Cary Lu

Kim Hays[hidden]

I met Cary in Newton, Massachusetts, in 1978, when he and I were both working at EDC (Educational Development Center). I was 24, trying to feel comfortable in a new job, and Cary befriended me. From then until I moved to Berkeley in 1983, Cary and I got together regularly, often at his house (since he was a much better cook that I was) to spend Saturday afternoons talking and making enormous quantities of Chinese dumplings. He did all the work, but at least I helped stuff the filling into the dough. Somehow we always managed to eat all the dumplings, and then we'd watch pixilated-peanut films in the living room, lounging in his bean-chairs, or he'd show me some of his fabulous slides.

Cary and I both loved Disney cartoons, so whenever a new Disney film came out, we'd go together, preferably to a weekend matinee where we'd be the only adults unaccompanied by frantically excited children. Part of the fun of the outing was listening to the kids' comments as they watched the movie.

I remember Cary telling me that he had decided to become a technology journalist. He said it calmly and then outlined the steps he planned to take to break into the field. I thought--or maybe even said-- "But, Cary, how can you be so sure this is going to work?" But Cary was sure, and of course, he was right. He was probably the most determined person I have ever met--but he wasn't cocky. He just made a decision, figured out the best way of carrying it out, and got to work accomplishing his goal.

It's hard to believe now, but in 1983 when I went off to Berkeley to get a PhD in sociology, I didn't have a PC. But I knew enough about PCs to know that I was going to need one in order to survive all those papers I was going to have to write. Before I left I asked Cary what I should buy. It had to be cheap, reliable, and easy to understand. "Don't worry," he promised me. "I order something for you." And, sure enough, my Kaypro arrived in time to see me through the first semester's end-of-term essays. I used that Kaypro faithfully long after other people around me had graduated to more advanced PCs, and it served me well.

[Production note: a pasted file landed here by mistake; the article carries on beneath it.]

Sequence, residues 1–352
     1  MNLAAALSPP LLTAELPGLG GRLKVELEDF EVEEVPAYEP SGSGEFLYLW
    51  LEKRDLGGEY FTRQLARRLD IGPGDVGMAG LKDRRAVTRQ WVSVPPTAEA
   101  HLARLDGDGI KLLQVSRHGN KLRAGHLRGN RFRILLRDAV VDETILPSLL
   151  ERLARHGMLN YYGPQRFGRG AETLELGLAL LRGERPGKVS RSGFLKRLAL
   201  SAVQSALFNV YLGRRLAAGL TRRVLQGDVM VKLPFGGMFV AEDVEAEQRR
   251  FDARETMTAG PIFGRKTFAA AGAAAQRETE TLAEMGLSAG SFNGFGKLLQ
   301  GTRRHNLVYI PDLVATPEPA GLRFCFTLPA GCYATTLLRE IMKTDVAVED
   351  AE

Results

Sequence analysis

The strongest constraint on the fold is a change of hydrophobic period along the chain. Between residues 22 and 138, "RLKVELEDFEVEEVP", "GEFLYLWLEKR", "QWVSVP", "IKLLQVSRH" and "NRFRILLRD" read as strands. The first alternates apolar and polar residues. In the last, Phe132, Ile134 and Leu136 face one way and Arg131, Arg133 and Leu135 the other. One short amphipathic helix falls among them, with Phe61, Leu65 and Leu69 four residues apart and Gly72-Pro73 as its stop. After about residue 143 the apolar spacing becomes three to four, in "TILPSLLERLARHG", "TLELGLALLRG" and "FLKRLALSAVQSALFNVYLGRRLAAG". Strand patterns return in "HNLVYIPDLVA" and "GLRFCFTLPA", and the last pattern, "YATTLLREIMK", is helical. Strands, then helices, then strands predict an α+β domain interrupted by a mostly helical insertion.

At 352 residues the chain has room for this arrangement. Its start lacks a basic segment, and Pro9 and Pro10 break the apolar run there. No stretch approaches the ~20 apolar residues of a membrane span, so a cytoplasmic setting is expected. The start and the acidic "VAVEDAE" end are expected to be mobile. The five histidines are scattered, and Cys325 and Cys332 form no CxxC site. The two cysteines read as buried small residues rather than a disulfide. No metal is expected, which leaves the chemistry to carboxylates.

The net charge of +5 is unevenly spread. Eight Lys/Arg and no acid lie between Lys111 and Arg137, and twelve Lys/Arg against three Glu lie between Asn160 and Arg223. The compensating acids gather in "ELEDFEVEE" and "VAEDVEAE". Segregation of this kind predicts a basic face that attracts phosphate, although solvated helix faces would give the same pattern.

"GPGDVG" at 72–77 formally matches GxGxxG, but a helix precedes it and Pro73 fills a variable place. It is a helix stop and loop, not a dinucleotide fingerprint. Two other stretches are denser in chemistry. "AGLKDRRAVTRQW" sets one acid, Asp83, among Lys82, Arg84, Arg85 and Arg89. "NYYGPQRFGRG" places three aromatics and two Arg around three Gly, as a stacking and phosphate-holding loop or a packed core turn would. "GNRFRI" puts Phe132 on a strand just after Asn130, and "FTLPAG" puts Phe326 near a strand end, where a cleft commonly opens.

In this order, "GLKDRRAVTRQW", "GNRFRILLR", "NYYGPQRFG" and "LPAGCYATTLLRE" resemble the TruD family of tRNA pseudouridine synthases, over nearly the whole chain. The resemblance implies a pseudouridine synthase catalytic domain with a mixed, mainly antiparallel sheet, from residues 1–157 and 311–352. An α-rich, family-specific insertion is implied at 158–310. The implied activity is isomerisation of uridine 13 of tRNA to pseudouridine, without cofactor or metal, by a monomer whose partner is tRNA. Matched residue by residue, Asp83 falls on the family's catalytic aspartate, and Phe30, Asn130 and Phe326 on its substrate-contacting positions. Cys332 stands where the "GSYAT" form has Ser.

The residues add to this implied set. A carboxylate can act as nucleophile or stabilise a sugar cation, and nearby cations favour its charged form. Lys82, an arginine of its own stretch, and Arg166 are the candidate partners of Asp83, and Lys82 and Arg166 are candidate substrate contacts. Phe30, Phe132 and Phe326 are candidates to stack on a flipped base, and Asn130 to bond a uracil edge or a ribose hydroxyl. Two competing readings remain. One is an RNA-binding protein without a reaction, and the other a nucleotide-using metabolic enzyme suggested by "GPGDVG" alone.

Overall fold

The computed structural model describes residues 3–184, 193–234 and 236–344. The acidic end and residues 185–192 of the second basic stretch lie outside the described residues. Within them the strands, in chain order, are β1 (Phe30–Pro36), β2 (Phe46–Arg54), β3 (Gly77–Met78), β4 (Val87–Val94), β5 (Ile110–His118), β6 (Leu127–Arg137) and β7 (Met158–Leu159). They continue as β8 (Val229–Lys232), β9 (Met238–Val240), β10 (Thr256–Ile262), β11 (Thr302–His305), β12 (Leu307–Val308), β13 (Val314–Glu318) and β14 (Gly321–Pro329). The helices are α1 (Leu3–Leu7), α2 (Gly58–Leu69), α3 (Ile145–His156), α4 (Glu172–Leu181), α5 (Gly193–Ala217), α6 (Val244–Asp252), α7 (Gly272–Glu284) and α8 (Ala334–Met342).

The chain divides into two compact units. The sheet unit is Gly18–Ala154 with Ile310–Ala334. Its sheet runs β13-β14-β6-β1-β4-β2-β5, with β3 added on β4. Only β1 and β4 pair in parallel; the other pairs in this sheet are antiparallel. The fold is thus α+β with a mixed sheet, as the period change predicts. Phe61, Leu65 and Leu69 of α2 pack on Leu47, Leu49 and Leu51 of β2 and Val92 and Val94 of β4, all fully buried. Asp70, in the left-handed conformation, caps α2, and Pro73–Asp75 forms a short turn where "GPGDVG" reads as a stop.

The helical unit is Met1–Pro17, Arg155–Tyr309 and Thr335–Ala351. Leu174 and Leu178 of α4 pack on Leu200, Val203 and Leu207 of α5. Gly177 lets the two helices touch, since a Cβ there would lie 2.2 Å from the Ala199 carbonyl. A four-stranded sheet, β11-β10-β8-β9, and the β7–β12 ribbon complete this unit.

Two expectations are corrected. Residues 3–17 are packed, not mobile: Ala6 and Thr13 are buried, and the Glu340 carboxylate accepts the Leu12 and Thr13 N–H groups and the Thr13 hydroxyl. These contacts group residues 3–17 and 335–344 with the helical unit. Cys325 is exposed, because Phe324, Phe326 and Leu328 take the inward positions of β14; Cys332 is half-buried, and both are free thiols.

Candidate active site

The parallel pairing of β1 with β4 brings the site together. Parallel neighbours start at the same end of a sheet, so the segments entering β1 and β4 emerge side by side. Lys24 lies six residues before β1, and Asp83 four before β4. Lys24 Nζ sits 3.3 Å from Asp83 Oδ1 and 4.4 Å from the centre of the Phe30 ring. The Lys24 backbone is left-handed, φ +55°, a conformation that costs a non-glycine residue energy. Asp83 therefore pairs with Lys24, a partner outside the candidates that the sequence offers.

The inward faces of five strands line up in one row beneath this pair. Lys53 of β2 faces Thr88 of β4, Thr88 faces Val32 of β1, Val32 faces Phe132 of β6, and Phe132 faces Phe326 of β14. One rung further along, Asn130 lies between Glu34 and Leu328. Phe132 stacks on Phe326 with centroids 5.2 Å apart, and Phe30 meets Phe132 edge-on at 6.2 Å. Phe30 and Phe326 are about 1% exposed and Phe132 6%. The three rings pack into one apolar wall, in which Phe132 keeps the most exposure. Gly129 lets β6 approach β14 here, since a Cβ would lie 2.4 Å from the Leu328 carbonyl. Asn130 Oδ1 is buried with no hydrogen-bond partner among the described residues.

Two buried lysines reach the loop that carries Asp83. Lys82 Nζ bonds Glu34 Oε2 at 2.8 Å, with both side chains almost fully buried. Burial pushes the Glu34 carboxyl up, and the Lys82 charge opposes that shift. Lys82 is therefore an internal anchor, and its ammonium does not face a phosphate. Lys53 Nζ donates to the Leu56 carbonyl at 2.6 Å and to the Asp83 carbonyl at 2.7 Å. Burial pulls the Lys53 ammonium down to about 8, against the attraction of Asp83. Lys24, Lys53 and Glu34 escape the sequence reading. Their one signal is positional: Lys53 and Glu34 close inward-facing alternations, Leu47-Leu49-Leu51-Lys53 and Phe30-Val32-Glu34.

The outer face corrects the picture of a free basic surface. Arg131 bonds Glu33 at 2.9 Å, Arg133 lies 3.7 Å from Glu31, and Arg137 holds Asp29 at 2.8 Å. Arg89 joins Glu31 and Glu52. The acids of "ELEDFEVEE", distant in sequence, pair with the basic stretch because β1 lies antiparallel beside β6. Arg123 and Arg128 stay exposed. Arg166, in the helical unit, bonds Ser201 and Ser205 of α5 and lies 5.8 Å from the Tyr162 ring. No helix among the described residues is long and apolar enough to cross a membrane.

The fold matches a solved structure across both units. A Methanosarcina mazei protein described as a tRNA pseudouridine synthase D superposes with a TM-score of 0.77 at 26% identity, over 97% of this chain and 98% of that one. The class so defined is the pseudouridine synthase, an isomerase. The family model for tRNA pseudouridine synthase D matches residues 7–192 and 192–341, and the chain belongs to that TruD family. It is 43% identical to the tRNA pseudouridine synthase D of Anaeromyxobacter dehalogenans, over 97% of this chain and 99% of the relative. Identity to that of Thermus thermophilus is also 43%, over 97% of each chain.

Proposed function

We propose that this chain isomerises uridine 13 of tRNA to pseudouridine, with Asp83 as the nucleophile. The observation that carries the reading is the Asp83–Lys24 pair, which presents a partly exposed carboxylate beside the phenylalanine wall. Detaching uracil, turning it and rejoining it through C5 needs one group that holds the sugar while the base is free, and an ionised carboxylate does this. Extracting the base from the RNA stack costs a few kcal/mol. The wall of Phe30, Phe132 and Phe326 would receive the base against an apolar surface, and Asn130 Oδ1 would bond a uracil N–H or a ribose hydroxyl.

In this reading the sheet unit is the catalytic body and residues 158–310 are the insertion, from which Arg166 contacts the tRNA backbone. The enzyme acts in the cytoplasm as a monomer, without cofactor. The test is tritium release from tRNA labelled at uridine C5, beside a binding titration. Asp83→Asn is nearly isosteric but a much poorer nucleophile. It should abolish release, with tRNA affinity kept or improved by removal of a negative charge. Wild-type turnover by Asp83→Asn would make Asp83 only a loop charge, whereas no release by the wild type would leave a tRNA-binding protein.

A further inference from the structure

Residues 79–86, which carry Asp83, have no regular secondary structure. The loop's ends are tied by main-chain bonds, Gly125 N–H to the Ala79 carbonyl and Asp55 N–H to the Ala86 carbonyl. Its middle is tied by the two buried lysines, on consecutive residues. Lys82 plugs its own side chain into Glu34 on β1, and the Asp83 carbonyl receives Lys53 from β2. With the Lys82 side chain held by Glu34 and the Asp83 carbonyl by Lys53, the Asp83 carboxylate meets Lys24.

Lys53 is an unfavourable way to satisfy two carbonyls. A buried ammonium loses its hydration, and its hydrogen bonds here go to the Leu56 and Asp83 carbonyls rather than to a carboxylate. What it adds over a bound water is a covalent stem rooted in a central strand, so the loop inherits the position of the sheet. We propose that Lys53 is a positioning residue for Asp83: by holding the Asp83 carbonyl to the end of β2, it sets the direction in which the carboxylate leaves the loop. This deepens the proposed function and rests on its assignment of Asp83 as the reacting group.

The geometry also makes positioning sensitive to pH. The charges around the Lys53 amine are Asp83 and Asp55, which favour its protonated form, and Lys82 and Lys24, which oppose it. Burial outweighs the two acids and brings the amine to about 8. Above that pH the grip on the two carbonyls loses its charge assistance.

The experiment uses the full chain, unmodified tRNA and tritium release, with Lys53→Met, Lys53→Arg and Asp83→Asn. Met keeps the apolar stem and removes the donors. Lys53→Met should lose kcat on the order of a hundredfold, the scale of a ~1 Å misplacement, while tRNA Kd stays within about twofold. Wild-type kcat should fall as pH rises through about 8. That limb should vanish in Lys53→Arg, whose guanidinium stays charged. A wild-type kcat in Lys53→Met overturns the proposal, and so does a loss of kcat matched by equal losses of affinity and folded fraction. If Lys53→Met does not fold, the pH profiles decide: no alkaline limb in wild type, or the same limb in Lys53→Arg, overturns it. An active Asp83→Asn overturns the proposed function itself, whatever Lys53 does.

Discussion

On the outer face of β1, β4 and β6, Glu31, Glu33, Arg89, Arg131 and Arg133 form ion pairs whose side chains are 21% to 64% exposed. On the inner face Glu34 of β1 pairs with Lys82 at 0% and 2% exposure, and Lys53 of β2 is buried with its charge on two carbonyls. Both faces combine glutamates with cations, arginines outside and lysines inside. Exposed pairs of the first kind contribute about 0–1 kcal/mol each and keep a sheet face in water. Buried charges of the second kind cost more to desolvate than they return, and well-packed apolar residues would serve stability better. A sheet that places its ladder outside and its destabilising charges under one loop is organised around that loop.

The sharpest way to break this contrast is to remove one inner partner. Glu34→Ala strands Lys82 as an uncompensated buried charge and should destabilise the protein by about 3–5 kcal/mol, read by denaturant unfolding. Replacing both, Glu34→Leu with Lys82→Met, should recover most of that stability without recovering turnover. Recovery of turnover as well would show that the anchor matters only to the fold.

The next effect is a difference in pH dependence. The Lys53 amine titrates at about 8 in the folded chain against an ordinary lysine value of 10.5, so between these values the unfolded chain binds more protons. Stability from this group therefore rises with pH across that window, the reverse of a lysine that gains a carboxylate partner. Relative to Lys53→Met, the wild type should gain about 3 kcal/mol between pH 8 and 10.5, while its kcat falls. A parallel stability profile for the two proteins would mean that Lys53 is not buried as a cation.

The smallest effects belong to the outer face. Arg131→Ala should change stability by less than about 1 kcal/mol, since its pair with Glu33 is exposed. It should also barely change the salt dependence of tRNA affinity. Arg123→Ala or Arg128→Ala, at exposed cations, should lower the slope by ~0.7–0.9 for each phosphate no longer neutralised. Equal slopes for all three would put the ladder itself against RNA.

After I'd been living in Berkeley for a year or so, Cary called me from Boston to say that he was going to be in San Francisco for a meeting and we should have a meal. He wanted to introduce me to Ellen. We three spent an afternoon together, and I thought, "This is it, Cary; you'd better marry this woman!" Luckily, he had already figured this out.

I moved from Berkeley to Bern; Cary and Ellen moved to Washington state. Our friendship carried on through Christmas cards, change-of-address notes, and marriage and birth announcements. But of course I always assumed that someday life would take me on a visit to Washington, as it has taken me to so many unexpected places, and I'd be able to see Cary again, renew Ellen's acquaintance, meet the Meredith and Nathaniel of the Christmas cards, introduce Cary to my husband and son, and pick up an old friendship where it had left off.

Now Cary has died, and I won't ever see him again. But a few weeks ago Peter and I took our almost-five-year-old son, Tommy, to his first movie, Disney's Hercules. In the dark theater, listening to Tommy's stage-whispered questions and excited comments during the film, I thought of Cary. For the rest of my life, at odd moments, I'll think of him and be glad he was my friend.